A fixed rate home loan is the second most common type of home loan in Australia, second to variable home loans. Unlike a variable rate home loan which has fluctuating interest rates, a fixed rate provides you with a set interest rate for a fixed period of time, also known as a ‘fixed period’. These periods each have their own relevant fixed rate period, with generally the longer the fixed period, the higher the fixed interest rate available. There are some circumstances however where special fixed offers can provide fixed rates which may be out of step of this trend, ie you may see five year fixed rates at a lower rate than a 3 year fixed rate.
With any fixed rate, at the end of the fixed term it will revert to a variable home loan – however you can generally roll over the loan into a new fixed term with most lenders. It’s important to understand that unlike variable loans, a fixed loan generally have more limited features – ie few lenders allow an offset account with a fixed rate product.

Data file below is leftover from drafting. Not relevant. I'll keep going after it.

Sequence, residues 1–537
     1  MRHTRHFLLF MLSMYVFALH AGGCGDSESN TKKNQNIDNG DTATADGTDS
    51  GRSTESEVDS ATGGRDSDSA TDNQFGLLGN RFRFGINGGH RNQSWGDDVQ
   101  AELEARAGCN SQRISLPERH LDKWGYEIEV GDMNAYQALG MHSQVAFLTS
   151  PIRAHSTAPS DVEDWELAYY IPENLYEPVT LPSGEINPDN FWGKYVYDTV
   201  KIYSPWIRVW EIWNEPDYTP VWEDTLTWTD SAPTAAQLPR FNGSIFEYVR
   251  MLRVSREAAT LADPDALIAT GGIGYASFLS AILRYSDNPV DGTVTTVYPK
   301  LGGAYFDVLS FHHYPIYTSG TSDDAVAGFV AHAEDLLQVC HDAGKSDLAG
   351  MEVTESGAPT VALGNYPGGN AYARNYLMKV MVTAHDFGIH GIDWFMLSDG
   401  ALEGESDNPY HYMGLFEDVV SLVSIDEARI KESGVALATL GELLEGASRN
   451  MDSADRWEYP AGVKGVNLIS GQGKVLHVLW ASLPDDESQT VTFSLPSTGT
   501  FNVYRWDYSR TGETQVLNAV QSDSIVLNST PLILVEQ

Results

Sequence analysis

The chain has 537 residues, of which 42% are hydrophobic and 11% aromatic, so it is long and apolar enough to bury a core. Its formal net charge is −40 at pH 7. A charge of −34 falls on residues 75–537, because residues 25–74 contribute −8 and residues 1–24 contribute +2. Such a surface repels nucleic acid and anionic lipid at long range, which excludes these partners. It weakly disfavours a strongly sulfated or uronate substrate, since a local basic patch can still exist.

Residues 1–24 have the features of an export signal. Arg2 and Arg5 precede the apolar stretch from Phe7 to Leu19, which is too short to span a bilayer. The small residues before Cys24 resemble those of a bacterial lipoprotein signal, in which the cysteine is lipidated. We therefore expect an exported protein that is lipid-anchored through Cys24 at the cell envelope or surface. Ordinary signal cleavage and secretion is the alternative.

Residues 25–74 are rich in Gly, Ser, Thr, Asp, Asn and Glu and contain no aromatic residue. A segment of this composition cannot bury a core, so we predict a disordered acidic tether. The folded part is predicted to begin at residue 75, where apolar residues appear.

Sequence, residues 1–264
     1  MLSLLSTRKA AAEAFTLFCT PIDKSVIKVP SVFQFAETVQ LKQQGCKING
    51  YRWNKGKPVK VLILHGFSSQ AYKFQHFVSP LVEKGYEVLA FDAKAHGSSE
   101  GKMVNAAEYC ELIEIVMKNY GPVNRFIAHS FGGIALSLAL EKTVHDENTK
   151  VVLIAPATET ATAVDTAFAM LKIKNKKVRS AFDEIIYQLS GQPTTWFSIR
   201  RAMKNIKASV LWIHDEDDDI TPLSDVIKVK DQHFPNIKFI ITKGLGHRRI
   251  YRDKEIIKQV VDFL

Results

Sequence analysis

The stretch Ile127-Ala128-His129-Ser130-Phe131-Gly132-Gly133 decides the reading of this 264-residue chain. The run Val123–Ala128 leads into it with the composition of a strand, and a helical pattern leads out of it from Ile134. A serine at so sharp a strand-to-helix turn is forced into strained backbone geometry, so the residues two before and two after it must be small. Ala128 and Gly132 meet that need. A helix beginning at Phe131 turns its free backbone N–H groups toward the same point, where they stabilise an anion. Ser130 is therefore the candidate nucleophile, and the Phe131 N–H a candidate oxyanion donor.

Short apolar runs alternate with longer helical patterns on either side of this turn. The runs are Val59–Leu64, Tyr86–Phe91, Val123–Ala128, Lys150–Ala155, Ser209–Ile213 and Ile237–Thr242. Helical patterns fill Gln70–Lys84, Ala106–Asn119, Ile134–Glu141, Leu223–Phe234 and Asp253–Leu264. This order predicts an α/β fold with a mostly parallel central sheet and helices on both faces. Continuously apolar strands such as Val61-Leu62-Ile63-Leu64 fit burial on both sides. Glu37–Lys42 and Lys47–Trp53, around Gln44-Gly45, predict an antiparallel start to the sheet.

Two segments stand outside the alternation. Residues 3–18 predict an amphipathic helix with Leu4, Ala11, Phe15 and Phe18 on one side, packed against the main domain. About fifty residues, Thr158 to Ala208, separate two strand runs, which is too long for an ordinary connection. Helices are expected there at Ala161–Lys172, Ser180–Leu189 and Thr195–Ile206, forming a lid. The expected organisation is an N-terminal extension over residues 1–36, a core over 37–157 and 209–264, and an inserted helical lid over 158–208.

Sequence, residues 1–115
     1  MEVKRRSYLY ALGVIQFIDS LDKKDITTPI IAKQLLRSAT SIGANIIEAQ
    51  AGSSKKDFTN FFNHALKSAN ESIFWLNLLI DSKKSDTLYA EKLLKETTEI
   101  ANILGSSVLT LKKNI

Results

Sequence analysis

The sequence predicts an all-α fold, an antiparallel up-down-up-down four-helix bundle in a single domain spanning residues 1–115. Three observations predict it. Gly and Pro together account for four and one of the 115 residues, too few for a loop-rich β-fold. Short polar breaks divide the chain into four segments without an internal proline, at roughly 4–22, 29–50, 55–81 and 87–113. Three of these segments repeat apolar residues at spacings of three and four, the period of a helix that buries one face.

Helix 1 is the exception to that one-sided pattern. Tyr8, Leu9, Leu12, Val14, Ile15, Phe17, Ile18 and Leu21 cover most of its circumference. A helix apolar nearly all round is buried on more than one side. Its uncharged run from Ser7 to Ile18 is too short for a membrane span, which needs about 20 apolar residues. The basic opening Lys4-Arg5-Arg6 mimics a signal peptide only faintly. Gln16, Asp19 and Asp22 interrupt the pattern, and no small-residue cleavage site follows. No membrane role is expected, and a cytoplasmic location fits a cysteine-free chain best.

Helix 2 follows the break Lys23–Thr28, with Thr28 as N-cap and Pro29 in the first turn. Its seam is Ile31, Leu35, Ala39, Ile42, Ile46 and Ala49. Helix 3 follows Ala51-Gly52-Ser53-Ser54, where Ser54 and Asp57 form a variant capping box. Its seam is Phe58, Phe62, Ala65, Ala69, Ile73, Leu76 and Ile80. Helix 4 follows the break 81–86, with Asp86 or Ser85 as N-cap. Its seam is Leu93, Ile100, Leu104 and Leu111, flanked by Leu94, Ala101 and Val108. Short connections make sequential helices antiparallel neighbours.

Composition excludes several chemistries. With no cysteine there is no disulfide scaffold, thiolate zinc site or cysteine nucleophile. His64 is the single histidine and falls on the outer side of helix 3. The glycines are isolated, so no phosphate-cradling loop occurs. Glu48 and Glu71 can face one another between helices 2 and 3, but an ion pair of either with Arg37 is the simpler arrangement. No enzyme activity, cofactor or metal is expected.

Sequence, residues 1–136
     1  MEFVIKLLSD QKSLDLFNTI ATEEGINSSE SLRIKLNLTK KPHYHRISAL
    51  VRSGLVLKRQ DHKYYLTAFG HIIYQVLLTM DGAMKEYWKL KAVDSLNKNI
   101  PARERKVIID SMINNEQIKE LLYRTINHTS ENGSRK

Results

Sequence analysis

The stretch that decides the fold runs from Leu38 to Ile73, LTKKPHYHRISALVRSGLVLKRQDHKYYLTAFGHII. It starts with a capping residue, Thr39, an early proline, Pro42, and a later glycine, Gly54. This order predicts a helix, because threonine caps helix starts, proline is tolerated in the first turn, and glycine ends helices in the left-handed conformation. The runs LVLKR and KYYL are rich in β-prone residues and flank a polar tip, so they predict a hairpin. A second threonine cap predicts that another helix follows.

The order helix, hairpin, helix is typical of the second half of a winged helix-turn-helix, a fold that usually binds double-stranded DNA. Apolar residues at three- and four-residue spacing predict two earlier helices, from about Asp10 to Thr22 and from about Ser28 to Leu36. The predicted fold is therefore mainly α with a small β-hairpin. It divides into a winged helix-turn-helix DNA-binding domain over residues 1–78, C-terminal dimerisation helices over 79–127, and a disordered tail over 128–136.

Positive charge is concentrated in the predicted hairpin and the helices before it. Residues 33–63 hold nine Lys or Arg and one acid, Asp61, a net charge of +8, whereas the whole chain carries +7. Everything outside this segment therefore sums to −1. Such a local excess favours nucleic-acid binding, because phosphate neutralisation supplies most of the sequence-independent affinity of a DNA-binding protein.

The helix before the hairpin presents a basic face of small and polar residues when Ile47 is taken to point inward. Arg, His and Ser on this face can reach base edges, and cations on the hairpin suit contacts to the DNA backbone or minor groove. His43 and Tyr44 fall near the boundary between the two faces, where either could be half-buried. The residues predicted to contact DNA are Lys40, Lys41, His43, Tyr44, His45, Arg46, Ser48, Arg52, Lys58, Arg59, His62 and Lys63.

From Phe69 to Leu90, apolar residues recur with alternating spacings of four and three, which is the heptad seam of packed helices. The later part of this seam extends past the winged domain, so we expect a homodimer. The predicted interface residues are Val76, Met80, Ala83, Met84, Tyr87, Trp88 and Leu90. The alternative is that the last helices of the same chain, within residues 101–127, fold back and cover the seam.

Fixed rates are commonly used to provide certainty of costs – where you can receive a guaranteed repayment amount to factor into your budget. This is especially important in times where you need to manage your cash flow, ie if you’re in a short term period of lower income, having a new child and taking maternity leave etc.
Likewise it’s important to understand that with a fixed rate contract, whilst the lender will offer a fixed rate during the specified fixed period, if you wish to exit the loan or adjust it (ie refinance, change the loan type or any other change this could trigger a break fee – a fee which is calculated at the time of ‘breaking’ of the loan. To understand this cost, it can only be estimated on the day and changes daily – as it is a calculation which factors in the lenders wholesale lending costs and the remaining term of the fixed period.
Want to understand whether a fixed rate might be useful for your next loan? Connect with us today to discuss your needs and find the best structure to meet your long term goals.